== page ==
Sadly, NES sound is tinny in the treble ranges. The sound while playing Super Mario Bros. 1 and Super Mario Bros. 3 is so staticky and sibilant that I had to turn the volume down AND adjust the treble on my TV just to make the games more bearable. Ice Climber, RC Pro-Am, and Dr. Mario were fine, but the sound reproduction for certain games (namely the well-known ones, it seems) was so poor that I longed for my old NES console, which is hiding somewhere in my parents’ house. I need to go find it…
The controllers are identical in form and layout to the classic SNES controllers, but manufactured with the same slightly chintzy plastic with which the console is manufactured. The button layout involves the L and R buttons on the far edges of the controllers, the D-pad on the left, and the B, A, Y, and X buttons in a diamond formation on the right side of the controller face. There are also Select and Start buttons in the middle part of the controller face.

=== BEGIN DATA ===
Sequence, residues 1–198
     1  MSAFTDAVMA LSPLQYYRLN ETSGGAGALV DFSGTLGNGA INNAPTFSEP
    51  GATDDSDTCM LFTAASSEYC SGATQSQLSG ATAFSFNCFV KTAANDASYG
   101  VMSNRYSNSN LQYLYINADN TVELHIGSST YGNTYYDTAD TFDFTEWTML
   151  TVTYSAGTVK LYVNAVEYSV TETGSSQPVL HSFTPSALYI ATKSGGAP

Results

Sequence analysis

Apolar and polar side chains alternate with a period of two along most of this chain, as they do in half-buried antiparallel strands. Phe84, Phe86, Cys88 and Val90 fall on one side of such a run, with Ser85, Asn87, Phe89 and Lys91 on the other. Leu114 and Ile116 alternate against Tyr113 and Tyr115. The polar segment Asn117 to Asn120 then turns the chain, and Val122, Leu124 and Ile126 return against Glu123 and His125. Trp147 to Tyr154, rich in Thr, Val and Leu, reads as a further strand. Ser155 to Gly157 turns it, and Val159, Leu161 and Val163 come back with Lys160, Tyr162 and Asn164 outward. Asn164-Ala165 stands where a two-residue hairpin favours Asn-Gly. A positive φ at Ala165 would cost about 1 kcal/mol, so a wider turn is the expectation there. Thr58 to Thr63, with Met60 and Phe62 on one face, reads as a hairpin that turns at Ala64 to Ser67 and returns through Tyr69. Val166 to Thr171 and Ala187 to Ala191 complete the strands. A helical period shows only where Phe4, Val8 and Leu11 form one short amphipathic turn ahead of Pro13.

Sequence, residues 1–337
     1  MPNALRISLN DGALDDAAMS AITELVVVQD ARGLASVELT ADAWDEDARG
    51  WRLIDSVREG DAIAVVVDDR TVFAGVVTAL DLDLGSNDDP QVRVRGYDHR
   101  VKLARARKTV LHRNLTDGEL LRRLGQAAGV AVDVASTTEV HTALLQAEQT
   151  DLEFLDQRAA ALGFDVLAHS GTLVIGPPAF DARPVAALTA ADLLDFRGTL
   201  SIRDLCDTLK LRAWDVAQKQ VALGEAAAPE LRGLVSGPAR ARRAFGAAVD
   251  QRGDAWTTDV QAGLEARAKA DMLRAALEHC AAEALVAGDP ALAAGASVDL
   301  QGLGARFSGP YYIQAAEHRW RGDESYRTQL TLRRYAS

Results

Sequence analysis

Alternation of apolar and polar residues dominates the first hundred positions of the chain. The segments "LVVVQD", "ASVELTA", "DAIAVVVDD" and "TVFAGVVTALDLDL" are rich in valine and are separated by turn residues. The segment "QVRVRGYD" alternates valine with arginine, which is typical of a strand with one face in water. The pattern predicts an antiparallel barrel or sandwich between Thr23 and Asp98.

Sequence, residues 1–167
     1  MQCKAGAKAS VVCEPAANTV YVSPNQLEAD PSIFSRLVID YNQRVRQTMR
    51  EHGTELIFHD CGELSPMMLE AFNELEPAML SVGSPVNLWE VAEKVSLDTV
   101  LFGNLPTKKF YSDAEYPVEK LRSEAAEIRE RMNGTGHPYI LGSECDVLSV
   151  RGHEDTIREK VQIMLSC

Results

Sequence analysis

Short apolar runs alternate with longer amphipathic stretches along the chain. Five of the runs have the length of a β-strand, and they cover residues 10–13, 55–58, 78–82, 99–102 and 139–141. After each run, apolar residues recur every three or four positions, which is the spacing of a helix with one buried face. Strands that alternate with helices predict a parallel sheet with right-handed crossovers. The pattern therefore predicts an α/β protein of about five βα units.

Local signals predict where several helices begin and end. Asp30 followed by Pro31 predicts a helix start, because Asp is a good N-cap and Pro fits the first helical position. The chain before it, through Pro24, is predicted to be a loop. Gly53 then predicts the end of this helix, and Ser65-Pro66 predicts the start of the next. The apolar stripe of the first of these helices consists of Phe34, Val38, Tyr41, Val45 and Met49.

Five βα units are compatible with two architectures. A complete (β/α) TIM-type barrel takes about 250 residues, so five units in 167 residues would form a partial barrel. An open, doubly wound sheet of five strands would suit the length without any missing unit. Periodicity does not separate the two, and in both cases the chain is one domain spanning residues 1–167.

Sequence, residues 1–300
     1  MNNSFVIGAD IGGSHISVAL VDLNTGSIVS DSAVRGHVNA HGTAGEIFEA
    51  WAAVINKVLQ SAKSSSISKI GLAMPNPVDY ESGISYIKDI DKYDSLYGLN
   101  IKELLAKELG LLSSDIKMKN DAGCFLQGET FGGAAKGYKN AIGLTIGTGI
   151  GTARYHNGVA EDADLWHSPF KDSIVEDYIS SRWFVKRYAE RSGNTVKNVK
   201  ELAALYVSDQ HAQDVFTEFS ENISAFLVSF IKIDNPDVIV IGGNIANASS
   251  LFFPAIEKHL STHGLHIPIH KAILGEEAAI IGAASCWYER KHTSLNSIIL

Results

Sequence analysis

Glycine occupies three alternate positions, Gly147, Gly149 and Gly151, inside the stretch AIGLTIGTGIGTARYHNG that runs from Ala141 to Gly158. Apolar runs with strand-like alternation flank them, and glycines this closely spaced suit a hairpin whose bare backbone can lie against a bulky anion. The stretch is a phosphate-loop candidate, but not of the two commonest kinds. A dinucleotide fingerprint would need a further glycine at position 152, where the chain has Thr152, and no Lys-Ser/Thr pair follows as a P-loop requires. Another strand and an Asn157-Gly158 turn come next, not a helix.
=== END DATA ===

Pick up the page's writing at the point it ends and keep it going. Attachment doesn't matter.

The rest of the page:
Understandably, button mapping for Retro Duo controllers is identical to SNES controller mapping, so I cannot comment further about that. However, for NES games, B and A button functions are mapped to Y and B so as to approximate the B and A layout of legacy NES controllers. Though the controllers function well enough, the D-pads are a bit stiff compared to vintage SNES controllers. It is a matter of personal preference, but I have never liked the button layout of SNES controllers; I have always favored the six buttons being laid out 3-by-2 at my right thumb. Of course, nowadays, I have grown accustomed to trigger buttons actuated by my index fingers, but back in the days of SNES and Genesis prominence I simply preferred Genesis controllers because I only had to use one finger to use all six buttons, instead of having to consider buttons for two other fingers. That said, the Retro Duo’s controllers are good enough, and easily swapped with vintage SNES controllers which are readily available through Amazon or eBay.